Thursday, March 26, 2020

BLUE BLOOD

Robert Hopkins didn't stay at Maine Road long enough to be appreciated. It was the wrong move at the wrong time, but, as Neil Moxley, a fellow true son of Birmingham, explains, any move away from St Andrews was the wrong move for Hopkins. 

*****

ROBERT Hopkins had blue blood running through his veins – unfortunately, it was the royal blue of Birmingham, rather than the sky blue of Manchester.


Limited as a player and limited in stature he may have been. But he was certainly the sort any team of the 80s wanted in their trenches. In fact, to those who fleetingly saw him play at Maine Road, they may have decided that Hopkins was actually better suited to that line of work.


The only puzzling aspect to the right-winger's career was why, as a die-hard Birmingham City supporter, he ever signed for despised rivals Aston Villa.


Hopkins himself has admitted that during one of his few first-team games for Villa – away at Notts County – he sported a Birmingham City badge over Villa's crest on his claret jersey. Taking a corner, it was spotted by Villa's away fans who began to hurl abuse at him. Hopkins promptly booted the ball out for a goal kick, flicked them the V-sign and ran off, laughing.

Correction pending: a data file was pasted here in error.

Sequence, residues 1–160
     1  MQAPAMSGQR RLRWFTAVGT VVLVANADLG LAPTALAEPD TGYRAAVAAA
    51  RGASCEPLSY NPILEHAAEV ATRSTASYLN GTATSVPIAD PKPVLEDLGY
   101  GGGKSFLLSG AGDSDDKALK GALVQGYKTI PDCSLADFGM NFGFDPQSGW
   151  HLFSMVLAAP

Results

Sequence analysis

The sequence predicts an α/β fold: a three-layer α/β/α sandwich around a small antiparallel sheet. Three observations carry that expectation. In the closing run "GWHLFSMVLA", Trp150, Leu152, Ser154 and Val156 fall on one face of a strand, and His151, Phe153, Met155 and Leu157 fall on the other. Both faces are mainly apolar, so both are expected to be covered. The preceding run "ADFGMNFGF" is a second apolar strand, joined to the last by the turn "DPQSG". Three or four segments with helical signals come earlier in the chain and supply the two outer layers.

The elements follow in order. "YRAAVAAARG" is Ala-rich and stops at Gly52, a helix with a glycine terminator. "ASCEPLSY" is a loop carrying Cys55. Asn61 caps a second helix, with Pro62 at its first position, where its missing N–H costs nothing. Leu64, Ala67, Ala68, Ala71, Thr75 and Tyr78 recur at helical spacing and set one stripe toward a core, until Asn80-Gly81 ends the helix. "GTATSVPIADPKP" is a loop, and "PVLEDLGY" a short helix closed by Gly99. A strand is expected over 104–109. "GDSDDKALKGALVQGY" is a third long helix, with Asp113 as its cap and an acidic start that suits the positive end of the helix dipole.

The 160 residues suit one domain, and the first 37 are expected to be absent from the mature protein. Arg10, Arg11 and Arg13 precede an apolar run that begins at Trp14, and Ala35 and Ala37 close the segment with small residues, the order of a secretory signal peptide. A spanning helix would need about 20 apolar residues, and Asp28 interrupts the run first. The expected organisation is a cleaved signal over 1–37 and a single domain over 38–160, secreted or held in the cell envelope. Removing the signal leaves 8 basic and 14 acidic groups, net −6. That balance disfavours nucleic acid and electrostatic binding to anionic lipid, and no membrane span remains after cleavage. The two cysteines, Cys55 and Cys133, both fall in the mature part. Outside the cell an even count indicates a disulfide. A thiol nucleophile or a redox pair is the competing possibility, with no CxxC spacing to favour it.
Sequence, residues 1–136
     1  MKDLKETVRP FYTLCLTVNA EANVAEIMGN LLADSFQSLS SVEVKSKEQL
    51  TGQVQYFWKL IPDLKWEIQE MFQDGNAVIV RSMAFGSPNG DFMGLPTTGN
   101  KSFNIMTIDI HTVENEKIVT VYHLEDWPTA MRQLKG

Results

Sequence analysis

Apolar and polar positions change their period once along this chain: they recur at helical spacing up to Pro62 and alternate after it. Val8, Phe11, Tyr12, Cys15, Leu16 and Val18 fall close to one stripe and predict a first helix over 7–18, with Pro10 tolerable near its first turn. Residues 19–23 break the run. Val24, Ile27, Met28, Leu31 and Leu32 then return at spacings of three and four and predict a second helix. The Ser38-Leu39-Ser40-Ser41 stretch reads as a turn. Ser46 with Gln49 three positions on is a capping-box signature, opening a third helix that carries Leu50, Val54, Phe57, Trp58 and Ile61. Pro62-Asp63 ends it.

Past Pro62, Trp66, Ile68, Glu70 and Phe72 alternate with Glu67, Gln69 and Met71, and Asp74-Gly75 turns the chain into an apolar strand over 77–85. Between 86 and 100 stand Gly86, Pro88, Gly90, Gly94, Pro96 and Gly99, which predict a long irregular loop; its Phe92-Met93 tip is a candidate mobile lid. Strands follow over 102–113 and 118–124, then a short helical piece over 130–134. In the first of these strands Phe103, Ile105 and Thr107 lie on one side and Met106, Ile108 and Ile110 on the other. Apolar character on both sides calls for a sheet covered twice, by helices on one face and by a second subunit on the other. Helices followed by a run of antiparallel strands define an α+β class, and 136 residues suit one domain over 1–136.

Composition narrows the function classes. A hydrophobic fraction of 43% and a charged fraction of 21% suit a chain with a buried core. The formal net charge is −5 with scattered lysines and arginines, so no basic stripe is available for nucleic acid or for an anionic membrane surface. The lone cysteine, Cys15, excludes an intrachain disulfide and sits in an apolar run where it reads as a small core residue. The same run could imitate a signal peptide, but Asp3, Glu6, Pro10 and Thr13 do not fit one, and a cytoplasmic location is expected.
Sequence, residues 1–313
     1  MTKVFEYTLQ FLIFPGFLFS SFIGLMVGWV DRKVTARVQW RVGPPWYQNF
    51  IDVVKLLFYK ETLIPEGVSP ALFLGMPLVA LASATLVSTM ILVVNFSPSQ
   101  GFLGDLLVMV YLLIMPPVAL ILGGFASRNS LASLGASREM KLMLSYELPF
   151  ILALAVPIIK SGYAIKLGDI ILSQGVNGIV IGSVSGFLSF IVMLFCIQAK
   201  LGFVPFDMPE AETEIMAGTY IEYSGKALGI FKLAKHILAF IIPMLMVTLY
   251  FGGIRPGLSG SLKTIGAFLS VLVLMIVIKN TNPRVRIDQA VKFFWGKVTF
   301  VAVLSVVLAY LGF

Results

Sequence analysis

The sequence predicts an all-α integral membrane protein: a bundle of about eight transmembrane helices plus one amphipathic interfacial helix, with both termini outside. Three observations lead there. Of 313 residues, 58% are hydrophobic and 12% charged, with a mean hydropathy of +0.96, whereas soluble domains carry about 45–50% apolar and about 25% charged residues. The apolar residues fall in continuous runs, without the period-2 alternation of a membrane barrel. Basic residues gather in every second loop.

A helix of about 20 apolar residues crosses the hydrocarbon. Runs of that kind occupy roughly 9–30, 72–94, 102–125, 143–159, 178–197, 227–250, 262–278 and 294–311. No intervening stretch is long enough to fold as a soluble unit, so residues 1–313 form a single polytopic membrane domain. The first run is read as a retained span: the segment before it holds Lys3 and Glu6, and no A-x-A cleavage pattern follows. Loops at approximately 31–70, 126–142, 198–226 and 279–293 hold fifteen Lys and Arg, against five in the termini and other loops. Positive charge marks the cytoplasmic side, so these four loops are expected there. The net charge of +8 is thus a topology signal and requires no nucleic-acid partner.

Unsurprisingly, shortly afterwards he signed for his favourite club and linked up with the likes of Tony Coton, Noel Blake, Howard Gayle, Mick Harford and Pat Van Den Hauwe. Inevitably, trouble followed the 'Birmingham Six' – both off and on the pitch.


During one match against Watford, play was halted and a policeman strode onto the pitch towards Hopkins who was being marked by Watford's Kenny Jackett. Hopkins went as white as a sheet but the copper walked past him to tell the match official there had been a bomb threat.


“Thank **** for that,” he said to a startled opponent, “I thought they were coming to arrest me.”

Hopkins in typically robust style on his City debut v. Norwich at Maine Road, 3rd September 1986.


Perhaps Hopkins wasn't ever good enough for Manchester City. It was the first time he had ever lived away from his home-town. Perhaps he couldn't settle. 

Certainly, Manchester City never saw the best of him.


Nowadays, Hopkins still attends Birmingham's matches as a supporter. Home and away. He has been inducted into the club's hall of fame, despite a decent, if unspectacular, career.

With respect to his time at Maine Road, it's most likely he was broken-hearted at seeing his lifetime's dreams dashed - being forced to wave goodbye to his beloved club. 

In a world of here today, gone tomorrow, badge-kissing mercenaries, surely he should be cut some slack for that. 

".... a great effort to walk away from trouble...."













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